A team of researchers from the University of Münster and Harvard Medical School in the USA have now discovered a substance that triggers this behaviour of avoiding the females. This pheromone (a chemical messenger that influences behaviour) is transferred from the male to the female during copulation and ensures that after successful copulation, the female is much less attractive to other males. The results have been published in the online edition of "Current Biology".
For chemical communication, insects use special hydrocarbon compounds that are presented on the surface of their body. These chemical messages are picked up by other insects through their sense of smell or are "tasted" via contact receptors on their legs - the same way that, for example, a human being tastes food using receptors on the tongue. An especially important role is played by the so-called sex pheromones that trigger or inhibit the sex drive. Although these messengers and their influence on mating behaviour in fruit flies have already been well examined, the chemical data have not, so far, been able to explain why male fruit flies avoid the females for days after copulation.
The prediction that there were other as yet unidentified messengers have now been confirmed by the results of the German-American team's work. Using modern mass spectrometry, the researchers were able to prove the existence of a large number of new compounds on the surface of fruit flies' bodies. The structures of these substances are characterised by a long hydrocarbon chain and one or more oxygen atoms. Both of these features make them less volatile and, as a result, less easily detected by the method of analysis mostly used so far: gas chromotography.
Using a technique developed at the University of Münster, whole insects were placed directly into a time-of-flight mass spectrometer. A fine beam of an ultraviolet laser scans the flies and evaporates the messengers from the surface of their bodies. In this process, some of the molecules that are detached are, at the same time, ionised - i.e. they are charged. As a result, these molecules can be manipulated with electric fields and the mass specific to each molecule can be measured in the mass spectrometer. In this way, the scientists can identify the substances.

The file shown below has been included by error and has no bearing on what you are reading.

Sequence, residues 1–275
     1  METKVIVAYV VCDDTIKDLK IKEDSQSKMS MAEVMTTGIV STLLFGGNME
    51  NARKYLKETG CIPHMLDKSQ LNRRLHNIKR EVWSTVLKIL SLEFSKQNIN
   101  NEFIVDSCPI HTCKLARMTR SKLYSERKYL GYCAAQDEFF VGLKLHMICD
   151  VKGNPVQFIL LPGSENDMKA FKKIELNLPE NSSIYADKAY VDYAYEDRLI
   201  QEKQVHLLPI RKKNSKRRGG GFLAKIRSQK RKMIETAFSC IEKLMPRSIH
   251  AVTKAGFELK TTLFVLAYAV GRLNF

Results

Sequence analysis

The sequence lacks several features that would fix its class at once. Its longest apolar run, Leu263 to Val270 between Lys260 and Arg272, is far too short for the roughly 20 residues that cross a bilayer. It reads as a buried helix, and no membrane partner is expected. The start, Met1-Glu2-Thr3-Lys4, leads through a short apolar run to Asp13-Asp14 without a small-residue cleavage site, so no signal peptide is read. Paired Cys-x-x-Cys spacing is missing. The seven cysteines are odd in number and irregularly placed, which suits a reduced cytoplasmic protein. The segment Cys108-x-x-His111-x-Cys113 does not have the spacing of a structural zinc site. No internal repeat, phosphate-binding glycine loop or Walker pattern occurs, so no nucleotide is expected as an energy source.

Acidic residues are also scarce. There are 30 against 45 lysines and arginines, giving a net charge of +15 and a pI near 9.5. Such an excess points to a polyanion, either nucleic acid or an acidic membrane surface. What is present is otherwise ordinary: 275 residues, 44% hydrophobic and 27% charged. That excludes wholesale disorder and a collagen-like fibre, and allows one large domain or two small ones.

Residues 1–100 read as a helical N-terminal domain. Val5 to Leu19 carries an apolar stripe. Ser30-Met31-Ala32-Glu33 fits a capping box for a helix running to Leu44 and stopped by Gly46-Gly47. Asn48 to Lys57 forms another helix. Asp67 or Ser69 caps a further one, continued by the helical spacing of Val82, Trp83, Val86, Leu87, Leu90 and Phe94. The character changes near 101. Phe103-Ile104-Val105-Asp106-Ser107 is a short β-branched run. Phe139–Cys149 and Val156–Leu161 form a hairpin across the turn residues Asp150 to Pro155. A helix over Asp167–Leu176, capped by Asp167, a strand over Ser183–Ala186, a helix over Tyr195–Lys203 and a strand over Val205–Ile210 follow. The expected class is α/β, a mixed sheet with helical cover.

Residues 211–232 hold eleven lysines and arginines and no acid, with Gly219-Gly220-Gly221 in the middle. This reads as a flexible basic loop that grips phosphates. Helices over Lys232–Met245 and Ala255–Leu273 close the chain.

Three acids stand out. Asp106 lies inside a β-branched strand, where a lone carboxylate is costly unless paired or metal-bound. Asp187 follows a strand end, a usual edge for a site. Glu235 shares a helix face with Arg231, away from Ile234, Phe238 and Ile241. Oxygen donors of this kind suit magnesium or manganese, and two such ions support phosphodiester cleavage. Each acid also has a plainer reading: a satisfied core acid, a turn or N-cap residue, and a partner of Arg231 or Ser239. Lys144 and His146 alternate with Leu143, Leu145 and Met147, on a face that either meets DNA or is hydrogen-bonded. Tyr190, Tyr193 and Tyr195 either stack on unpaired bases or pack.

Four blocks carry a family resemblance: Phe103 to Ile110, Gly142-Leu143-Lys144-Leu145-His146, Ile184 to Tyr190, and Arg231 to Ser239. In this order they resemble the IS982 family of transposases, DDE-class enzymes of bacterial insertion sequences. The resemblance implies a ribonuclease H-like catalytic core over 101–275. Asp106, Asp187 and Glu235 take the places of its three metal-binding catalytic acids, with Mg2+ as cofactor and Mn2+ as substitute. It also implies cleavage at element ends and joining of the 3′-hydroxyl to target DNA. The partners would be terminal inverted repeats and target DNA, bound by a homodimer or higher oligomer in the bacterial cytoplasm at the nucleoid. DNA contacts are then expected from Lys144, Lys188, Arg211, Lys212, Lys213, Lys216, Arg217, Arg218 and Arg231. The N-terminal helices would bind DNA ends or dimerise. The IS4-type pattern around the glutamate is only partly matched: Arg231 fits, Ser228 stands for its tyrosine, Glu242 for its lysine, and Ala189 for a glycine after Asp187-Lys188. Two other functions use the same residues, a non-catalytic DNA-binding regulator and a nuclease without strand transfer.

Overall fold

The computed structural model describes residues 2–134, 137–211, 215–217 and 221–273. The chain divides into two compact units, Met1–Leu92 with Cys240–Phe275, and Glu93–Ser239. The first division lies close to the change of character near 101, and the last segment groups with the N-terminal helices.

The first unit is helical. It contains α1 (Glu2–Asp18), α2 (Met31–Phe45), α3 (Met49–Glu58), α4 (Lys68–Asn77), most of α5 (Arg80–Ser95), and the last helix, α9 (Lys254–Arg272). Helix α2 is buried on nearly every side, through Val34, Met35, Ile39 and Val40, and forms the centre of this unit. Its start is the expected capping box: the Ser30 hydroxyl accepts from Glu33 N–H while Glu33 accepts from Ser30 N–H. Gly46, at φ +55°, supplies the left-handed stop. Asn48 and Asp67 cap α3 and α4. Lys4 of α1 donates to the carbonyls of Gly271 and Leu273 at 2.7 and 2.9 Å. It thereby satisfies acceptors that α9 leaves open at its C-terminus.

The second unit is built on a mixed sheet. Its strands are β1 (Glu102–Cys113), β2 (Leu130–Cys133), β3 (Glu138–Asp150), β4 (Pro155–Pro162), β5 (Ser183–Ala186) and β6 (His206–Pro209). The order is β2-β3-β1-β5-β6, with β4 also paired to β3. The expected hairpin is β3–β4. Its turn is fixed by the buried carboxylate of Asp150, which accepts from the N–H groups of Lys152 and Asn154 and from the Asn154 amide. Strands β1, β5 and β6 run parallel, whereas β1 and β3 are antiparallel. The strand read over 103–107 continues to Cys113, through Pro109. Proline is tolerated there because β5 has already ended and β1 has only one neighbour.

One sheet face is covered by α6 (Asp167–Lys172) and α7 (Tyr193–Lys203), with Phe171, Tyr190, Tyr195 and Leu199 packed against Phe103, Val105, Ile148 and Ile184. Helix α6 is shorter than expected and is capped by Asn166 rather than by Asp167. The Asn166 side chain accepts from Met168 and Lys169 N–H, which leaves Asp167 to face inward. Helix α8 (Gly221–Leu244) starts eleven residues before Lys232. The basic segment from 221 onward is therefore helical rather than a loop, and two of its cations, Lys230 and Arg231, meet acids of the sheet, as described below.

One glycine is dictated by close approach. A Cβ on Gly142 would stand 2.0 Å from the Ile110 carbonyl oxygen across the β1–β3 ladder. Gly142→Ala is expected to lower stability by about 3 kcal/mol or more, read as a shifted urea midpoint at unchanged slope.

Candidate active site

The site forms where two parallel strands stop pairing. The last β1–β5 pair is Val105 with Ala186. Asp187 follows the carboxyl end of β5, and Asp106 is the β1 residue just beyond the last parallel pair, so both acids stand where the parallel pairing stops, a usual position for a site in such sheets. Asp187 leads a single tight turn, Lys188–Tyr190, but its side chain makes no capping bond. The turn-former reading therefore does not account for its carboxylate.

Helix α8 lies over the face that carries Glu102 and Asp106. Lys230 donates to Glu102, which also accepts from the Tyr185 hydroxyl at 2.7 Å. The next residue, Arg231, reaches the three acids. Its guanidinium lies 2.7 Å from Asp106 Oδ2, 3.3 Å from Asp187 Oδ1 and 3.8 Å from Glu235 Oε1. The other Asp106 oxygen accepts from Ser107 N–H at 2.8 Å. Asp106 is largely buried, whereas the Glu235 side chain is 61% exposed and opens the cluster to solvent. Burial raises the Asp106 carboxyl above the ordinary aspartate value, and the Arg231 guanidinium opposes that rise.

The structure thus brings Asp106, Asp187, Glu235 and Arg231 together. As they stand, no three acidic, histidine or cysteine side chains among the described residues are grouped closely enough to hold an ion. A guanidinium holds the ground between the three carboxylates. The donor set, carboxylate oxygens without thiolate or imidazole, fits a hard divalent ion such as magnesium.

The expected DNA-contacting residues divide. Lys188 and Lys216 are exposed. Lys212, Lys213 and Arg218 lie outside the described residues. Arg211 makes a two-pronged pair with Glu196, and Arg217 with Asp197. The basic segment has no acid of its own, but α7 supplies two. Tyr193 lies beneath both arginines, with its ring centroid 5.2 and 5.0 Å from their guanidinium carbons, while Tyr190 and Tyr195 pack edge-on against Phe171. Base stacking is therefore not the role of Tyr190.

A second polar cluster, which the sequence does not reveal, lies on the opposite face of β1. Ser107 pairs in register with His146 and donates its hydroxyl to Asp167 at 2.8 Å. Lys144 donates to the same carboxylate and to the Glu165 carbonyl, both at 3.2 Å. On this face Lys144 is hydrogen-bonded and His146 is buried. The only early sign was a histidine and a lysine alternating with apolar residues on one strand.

One particular hydrocarbon compound is found in high concentration on the surface of male fruit flies' sex organs. This observation led the researchers to scrutinize the substance - called CH503 -more closely. The experiments concluded that CH503 is indeed transferred from the male to the female fruit fly during mating and its existence on the female can be demonstrated at least ten days later.
In a series of behavioural experiments, it was also shown that CH5O3 acts as a pheromone and actually discourages male fruit flies from mating. Virgin females that are normally highly attractive to males lose their allure when perfumed with CH503. "Our results were able to clarify a question relating to behavioural biology that had so far been unanswered," say the two main authors of the study, Dr. Joanne Yew from the Harvard Medical School and Dr. Klaus Dreisewerd from the Institute of Medical Physics and Biophysics at the University of Münster. "And that was: why are female fruit flies avoided for so long by possible mating partners after they copulated?"